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September University of Galway launches Multi-Sensory Room for students
University of Galway launches Multi-Sensory Room for students
Adam Harris, Founder and chief executive of Ireland’s national autism charity AsIAm, has today officially opened University of Galway’s new Multi-Sensory Room, designed to make the campus more inclusive and sensory-friendly.
The Multi-Sensory Room was designed in consultation with students and specialist staff and in collaboration with an architect, and is equipped with interactive and integrated lighting, visual, vibroacoustic and sound effects that create an immersive and customisable sensory experience for students.
The room is designed to be a safe space for students to self-regulate by adjusting their sensory environment. Users will be able to choose from a range of calming or stimulating, integrated lighting, sound and vibroacoustic arrangements, to suit their sensory needs, and unwind on comfortable furniture. Soft furnishings and sensory stress-relieving items complete the experience, enabling students to feel regulated and supporting their engagement in college life.
Adam Harris said: “Autistic people, and other neurodivergent people, face barriers to accessing education which are often invisible to others but which prevent our community from enjoying the same chance. Some 3.38% of children in school today now have an Autism diagnosis and there is also a significant increase in the number of adults accessing assessment. It is so important that higher level education institutions are accessible for our community and that environmental barriers do not prevent students from thriving and contributing. AsIAm, Ireland’s National Autism Charity, is delighted to be working with HEIs across the country as part of our Autism Friendly HEI Award and we warmly congratulate the University of Galway on the launch of their sensory space - this investment will no doubt support more students to access the University, enrich the experience of those already enrolled and also act as an educational tool for all on campus in terms of understanding and accepting difference.”
University of Galway Vice-President for Equality, Diversity and Inclusion, Helen Maher, said: “'Inclusivity is a priority for the University to create equal opportunities and conditions for all, and we are focused on assisting those most in need. This space is part of University of Galway’s wider efforts to accommodate and make the campus more accessible for students with additional needs.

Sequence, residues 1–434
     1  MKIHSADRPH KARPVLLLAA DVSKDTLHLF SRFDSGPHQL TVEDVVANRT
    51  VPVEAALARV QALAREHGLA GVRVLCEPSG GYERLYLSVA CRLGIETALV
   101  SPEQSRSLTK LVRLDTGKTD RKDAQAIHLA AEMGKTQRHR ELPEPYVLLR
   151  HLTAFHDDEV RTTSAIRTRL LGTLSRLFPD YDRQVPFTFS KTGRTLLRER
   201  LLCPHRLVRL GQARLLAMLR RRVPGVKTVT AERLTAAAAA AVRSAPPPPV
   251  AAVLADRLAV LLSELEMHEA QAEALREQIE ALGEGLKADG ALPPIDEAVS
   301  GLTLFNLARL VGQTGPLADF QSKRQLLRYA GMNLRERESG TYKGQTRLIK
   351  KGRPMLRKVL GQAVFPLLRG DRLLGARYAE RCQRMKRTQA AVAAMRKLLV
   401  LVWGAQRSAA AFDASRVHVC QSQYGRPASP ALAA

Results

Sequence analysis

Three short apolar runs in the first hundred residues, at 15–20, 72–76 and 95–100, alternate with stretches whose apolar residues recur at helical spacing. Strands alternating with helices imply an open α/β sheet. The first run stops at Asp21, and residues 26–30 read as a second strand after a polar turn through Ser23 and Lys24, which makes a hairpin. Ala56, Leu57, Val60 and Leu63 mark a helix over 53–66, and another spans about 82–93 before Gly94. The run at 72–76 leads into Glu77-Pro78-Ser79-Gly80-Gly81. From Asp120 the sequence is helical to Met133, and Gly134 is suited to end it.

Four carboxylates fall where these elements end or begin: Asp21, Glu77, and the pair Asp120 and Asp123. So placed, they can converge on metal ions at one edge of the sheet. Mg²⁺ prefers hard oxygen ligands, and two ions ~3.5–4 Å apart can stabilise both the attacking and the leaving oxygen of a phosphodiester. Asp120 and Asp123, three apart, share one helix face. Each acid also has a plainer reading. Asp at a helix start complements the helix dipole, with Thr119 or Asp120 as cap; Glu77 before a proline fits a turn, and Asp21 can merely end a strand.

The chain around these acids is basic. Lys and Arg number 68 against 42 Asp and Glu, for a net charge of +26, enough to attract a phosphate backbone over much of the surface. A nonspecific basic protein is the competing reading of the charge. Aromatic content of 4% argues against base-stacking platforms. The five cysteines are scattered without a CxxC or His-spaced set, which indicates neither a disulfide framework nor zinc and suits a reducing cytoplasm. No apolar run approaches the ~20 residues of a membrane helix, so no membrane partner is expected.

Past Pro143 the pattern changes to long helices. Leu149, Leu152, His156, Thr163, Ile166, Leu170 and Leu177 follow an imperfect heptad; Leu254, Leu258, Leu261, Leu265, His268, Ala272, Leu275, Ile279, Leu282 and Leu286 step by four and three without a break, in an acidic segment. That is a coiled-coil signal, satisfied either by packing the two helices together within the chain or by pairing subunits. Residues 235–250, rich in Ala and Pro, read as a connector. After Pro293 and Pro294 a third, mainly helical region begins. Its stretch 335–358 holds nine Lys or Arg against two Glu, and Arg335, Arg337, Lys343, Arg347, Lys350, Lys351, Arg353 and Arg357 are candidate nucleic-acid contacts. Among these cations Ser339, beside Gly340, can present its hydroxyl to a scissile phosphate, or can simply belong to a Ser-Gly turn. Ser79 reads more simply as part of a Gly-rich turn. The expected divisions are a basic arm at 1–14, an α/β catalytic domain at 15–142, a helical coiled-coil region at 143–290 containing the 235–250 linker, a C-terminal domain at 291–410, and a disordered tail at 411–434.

“We need to ensure that our students experience at University of Galway is an enjoyable and positive one, and accessibility and student involvement were key considerations throughout the design of this space. Universities can be a crowded and noisy environment which can impact learning and work, especially for neurodiverse students, so the aim of the new Multi-Sensory Room is to provide a safe space where users can relax and stimulate their senses in a controlled manner.”
The opening of the multi-sensory room in the Arts Millennium Building forms part of University of Galway’s suite of indoor and outdoor initiates designed to provide sensory friendly spaces and to create a more inclusive campus.
Previous initiatives on that theme include the Cubbie Sensory Hub, a multi-sensory, safe space for students and staff; the introduction of the JAM Card©, which allows people with communication challenges to discreetly and easily tell others they need 'Just A Minute'; outdoor study pods; sensory garden; relaxation room; and an initiative to map the accessibility of campus footpaths and building surrounds.
Head of University of Galway’s Access Centre Imelda Byrne said: “The launch of the new multi-sensory room is another important step in University of Galway’s ongoing commitment to create an inclusive campus environment for our diverse student body. In the academic year 2022/23, there were over 1,600 students registered for support with the Access Centre’s disability support service. Inclusive spaces such as the new multi-sensory provide an important safe space for our neurodiverse students and ensure these supports are built into the very fabric of the University’s built environment.”
Izzy Tiernan, Vice President/Welfare and Equality Officer, University of Galway Students’ Union, said: “The creation and opening of a new multi-sensory room in the Arts Millennium Building is sure to become a valuable asset for neurodivergent students, as well as the wider student body. In a world that is designed and built for neurotypical people, having safe, quiet and accessible spaces for students of different abilities is essential to creating an inclusive campus environment. As an autistic person myself, I am extremely excited to utilise the new space to take a few minutes out during the day to regulate my emotions, clear my mind and make life just that little bit easier.”
The establishment of the multi-sensory room project was supported by the Higher Education Authority's Fund for Students with Disabilities (FSD) Strategic Project scheme (2021-2022) and the HEA PATH 4 Phase 1 funding scheme (2022-23).